Red tape prevents EMFF 2014-2020 uptake

Published by FiskerForum, 15-09-2017 · info@fiskerforum.dk

More than three years after its adoption in May 2014, the €6.4 billion European Maritime and Fisheries Fund (EMFF) 2014-2020 is only just coming into operation. By September 2017, only 1.4% of the fund has been used.

According to Europêche President Javier Garat, the reasons for the standstill in the allocation of the economic resources lie in the delay of the adoption of the EMFF Regulation itself, the excessive time taken by the EU Member States to prepare the national operational programmes, and finally, the excessive bureaucratic obstacles encountered by intermediate management bodies.

‘In short, there is too much red tape, too many controls and a lot of fear from governments of making mistakes that may lead to the withdrawal of these funds,’’ Javier Garat stated, ‘This means that the sector is not receiving funds on time or in sufficient quantity to be able to develop the necessary projects to make fisheries more sustainable and profitable. Simplification is of the essence‘.

Participating in a public hearing in the European Parliament (EP) organised by the Group of the Progressive Alliance of Socialists and Democrats (S&D) on the EMFF, EU institution representatives and stakeholders examined the degree of utilisation of resources, the effectiveness and efficiency of the financial measures and budgetary prospects for post-2020.

At the same meeting, Javier Garat expressed concern over the current state of play of the fund and called for a change on the future EMFF. He stressed the need to adopt a substantial financial envelope to finance both small and large projects. The latter can refer to major research projects such as those necessary to improve the selectivity of fishing gears in order to be able to adapt to the landing obligation.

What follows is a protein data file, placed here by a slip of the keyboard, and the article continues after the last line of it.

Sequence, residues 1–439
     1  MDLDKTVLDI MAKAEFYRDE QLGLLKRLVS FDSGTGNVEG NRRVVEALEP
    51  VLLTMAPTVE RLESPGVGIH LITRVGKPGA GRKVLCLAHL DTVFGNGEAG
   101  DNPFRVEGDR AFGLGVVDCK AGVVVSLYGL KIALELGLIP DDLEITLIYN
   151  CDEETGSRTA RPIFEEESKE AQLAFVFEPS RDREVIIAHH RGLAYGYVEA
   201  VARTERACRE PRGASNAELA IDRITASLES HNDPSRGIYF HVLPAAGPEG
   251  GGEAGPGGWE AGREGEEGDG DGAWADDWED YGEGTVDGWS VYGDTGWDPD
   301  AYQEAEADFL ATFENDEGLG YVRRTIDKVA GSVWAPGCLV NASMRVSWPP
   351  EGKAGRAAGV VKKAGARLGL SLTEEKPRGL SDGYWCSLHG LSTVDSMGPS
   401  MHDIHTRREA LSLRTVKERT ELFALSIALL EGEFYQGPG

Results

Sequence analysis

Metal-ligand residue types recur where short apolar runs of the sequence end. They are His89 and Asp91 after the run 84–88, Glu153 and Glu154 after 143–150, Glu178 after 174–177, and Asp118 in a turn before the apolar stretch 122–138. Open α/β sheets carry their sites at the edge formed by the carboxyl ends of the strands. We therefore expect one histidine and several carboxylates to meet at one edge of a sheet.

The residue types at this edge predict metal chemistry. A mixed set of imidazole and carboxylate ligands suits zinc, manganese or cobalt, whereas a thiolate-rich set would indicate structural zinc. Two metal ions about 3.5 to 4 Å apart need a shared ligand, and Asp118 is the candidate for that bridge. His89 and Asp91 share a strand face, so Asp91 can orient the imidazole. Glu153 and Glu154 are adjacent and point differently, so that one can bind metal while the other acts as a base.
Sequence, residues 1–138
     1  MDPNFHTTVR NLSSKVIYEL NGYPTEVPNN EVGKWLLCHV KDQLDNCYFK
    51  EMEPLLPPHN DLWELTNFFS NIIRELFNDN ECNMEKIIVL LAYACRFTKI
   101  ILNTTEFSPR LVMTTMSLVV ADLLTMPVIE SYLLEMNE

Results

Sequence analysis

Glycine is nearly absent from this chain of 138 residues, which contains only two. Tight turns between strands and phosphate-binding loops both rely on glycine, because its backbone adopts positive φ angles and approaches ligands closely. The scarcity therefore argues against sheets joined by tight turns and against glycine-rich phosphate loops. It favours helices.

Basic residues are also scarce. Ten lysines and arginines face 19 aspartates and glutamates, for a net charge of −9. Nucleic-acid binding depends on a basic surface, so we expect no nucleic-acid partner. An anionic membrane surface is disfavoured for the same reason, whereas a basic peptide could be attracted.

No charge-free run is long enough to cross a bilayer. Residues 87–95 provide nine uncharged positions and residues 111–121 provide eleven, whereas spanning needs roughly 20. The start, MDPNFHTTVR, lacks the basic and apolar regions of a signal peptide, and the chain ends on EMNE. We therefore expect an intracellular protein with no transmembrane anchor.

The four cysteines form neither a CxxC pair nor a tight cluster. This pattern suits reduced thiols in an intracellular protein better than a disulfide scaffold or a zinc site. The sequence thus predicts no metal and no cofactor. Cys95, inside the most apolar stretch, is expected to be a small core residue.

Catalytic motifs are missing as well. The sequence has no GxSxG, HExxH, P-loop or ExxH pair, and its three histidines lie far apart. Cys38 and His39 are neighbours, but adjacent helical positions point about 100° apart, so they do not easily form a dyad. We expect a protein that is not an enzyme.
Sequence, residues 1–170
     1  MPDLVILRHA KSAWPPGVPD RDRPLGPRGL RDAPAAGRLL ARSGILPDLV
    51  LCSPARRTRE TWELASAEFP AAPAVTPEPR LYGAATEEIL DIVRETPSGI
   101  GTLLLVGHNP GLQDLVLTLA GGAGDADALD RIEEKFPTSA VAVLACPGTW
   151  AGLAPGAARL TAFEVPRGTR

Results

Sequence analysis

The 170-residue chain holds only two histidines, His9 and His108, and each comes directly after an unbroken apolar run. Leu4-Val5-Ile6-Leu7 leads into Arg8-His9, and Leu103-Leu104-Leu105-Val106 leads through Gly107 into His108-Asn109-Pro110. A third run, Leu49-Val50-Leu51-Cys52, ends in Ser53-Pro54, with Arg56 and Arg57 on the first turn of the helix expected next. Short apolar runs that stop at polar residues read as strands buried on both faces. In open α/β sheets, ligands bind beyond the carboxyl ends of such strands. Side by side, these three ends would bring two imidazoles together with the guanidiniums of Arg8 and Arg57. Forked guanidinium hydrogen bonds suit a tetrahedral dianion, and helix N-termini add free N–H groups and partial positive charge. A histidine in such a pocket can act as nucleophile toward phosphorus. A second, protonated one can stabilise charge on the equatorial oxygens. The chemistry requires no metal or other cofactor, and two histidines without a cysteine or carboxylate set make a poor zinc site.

In addition, he highlighted the need to finance temporary cessations of fishing activities caused by extraordinary circumstances such as biological standstill, closure of a fishery or breach of a fishing protocol with a third country.

Javier Garat argued that the EMFF should encourage industry collaboration with scientists, enhance innovation and technological development and promote collaboration between fishing companies and the ancillary industries surrounding them (communications, control, species detection, selectivity, energy efficiency, etc...).

He pointed out that ancillary companies should also be able to benefit from aid to promote the development of innovation projects, stating that "the European Parliament should support the concept of industry 4.0, incorporating ICT (information and communication technologies) into production processes".

With regard to the next EMFF post-2020, he presented several proposals and recommendations to improve the allocation and design of the future fund. In the first place, he called for a specific fisheries fund, with a larger budgetary allocation, which should incorporate flexible financing mechanisms. He also called for the operational programmes to make the mechanisms for financing both direct aid and financial instruments more flexible (loans, endorsements, guarantees, etc...).

Europêche, as representative of the employers in the EU fisheries sector, also considers it vital that the new EMFF post-2020 takes account of the social dimension; i.e. promoting the social dialogue, safety and well-being of crews through good working conditions (in line with ILO Convention 188) and training, to alleviate the current problem of shortage of qualified professionals.

During his comments as part of the meeting, Javier Garat also called for the continuation of the aid for permanent cessation in cases where these measures are necessary to balance fishing capacity with available resources. The assembly was reminded that between 2007 and 2015, the EU fleet’s fishing capacity fell by 17.5% (in gross tonnage terms), of which more than half was removed with support from the previous EU Fund.

Conversely, and in the cases of balanced fleets, such as those targeting species at Maximum Sustainable Yield (MSY) levels, Javier Garat considers that a strategy for the renewal and modernisation of EU vessels is recommended, reminding the meeting that the average age of the EU fleet now being 22.6 years.

Source: Europêche

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